Anyway… Tugging is the right direction. It’s a basic reinforcement used during play, and it teaches a lot of things. I can’t imagine preparing my dog without it. But it doesn’t fit the criteria. We can dissect tugging into smaller pieces of behavior. Like:
1. Catching a toy (the dog has to do many movements to not only get to the toy but also put the body in a position favorable to catching. We could cut it down even more)
a. Proprioception skills (knowing where it’s body is in space)
b. Predicting a distance (I’m moving with this speed, so I do “x” strides before I catch)
c. Moving accordingly to toys trajectory/position
2. Holding a toy (closed jaws, firm grip)
a. Moving in such a manner that will lead to “winning” a toy
With all that let’s build our foundation
1. Catching a toy – it can be at first stationary and then we can add a movement, speed, various trajectories. If we make sure that our dog will find a way to catch a toy in our hands, it’s a great indicator that he will do the same with a flying disc.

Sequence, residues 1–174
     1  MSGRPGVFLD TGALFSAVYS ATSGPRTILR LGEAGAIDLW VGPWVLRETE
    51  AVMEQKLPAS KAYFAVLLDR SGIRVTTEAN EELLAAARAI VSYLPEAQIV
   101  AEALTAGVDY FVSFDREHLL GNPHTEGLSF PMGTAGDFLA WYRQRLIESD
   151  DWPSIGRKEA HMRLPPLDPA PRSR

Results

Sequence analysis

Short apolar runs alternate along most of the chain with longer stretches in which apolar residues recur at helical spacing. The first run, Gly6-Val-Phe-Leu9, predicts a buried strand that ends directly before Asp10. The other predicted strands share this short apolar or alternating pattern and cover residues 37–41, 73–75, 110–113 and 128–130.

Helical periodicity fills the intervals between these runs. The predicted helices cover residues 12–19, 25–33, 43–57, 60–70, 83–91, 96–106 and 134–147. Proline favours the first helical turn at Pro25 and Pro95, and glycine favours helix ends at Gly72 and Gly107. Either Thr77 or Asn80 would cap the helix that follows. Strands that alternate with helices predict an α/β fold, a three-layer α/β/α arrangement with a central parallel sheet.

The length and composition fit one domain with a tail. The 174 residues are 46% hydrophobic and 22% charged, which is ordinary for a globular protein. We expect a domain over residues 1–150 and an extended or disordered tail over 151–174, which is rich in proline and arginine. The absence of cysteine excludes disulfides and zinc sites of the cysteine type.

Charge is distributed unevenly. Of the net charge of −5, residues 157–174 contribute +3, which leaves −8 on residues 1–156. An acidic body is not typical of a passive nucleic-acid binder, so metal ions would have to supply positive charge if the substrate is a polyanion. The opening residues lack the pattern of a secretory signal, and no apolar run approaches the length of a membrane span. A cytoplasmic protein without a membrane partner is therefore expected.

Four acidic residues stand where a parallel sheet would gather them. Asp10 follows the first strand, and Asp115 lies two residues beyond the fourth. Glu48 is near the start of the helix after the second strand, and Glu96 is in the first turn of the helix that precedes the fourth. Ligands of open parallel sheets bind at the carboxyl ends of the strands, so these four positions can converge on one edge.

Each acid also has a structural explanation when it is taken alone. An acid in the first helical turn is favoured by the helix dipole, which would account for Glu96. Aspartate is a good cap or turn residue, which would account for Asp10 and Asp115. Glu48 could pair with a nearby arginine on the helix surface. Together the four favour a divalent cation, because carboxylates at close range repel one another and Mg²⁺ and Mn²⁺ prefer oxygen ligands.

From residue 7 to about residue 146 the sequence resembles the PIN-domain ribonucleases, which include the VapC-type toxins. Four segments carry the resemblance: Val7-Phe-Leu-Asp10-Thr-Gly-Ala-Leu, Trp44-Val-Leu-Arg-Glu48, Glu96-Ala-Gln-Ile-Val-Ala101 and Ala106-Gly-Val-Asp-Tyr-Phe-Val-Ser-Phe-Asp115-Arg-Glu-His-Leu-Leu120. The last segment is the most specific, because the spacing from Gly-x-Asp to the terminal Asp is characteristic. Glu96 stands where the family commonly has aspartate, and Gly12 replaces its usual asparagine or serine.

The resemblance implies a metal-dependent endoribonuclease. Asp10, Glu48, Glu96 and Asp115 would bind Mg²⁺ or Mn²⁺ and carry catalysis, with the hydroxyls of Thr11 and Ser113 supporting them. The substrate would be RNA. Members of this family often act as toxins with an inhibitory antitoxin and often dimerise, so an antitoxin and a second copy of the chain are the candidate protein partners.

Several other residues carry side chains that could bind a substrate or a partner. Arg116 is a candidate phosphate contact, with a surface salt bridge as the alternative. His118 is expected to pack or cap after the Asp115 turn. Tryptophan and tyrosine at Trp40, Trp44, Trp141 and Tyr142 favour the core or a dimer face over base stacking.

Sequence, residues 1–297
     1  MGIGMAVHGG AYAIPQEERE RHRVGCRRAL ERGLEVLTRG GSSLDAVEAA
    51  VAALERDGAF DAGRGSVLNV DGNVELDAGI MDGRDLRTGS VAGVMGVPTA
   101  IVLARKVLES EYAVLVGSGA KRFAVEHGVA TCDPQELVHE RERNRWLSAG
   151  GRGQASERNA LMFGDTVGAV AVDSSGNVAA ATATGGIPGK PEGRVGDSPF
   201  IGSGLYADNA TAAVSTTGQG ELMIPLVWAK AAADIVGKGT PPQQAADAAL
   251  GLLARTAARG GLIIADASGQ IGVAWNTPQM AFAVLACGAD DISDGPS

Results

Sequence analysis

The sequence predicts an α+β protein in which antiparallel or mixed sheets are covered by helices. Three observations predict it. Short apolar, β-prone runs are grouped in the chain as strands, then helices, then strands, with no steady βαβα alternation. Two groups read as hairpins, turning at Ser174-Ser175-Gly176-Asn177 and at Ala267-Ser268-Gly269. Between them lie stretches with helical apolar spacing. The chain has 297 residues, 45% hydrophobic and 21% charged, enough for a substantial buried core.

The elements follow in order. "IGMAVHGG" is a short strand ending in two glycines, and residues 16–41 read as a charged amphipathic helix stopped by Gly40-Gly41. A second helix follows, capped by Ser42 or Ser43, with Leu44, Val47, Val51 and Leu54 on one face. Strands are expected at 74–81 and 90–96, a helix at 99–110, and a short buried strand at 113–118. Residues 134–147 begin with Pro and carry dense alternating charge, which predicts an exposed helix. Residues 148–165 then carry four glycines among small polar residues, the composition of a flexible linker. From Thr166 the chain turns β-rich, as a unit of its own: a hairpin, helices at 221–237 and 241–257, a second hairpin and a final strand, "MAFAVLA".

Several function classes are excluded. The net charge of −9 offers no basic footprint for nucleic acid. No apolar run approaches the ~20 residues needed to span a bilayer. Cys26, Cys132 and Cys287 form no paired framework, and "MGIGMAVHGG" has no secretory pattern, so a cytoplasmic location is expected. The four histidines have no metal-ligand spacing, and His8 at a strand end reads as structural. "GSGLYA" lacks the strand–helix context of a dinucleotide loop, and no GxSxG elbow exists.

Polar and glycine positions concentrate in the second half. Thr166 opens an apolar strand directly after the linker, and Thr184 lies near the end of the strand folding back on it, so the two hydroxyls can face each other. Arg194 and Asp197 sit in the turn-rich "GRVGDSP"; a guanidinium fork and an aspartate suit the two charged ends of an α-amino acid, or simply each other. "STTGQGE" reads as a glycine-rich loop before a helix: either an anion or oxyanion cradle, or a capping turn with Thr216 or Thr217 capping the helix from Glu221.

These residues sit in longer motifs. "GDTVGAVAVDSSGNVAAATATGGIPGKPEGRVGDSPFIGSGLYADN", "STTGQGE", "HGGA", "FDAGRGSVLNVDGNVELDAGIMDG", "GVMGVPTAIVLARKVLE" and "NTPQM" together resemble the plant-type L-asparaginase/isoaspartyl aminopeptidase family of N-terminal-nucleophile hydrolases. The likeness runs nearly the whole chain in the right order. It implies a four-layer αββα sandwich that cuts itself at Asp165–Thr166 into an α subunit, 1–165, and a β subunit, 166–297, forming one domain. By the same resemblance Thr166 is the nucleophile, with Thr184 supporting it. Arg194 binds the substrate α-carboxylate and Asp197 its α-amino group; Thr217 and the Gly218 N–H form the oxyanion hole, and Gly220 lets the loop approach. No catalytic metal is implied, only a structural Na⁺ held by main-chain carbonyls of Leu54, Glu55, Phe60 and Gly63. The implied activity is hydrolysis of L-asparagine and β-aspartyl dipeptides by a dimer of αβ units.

We can create many different situations for practicing this skill. The more we do, the better our dog will be when we start asking for more advance stuff.
Does it fit the criteria? We can describe it according to the situation, and every final behavior involves a dog to move the body to get to the disc. Check!
1. Holding discs- any move require a dog to keep a disc in such a manner that it doesn’t make moving harder and a disc stays in his jaws without much movement at all time. Any toy play trains it indirectly. Btw. You can see why tugging is so great. It covers a large part of the dogfrisbee foundation.
2. Speeding up/Slowing down- dogfrisbee is a very dynamic game. The dog doesn’t have much time to increase his speed. Most of the time, ours is either sprinting with full speed or slowing down to almost stationary positions.
3. Weight shifting- weight shifting in any direction is an excellent exercise for Frisbee. Advanced weight-shifting skills are necessary for safe air time. This skill allows our dog to change the position of their body while flying.
To be honest, I have to admit that I don’t think that it’s the whole foundation. I almost sure that this list will expand in the future. There is still a lot to uncover, and that’s what excites me the most!Tags: animal training, dog, dog frisbee, dog training, dogtraining
In categories: Dogfrisbee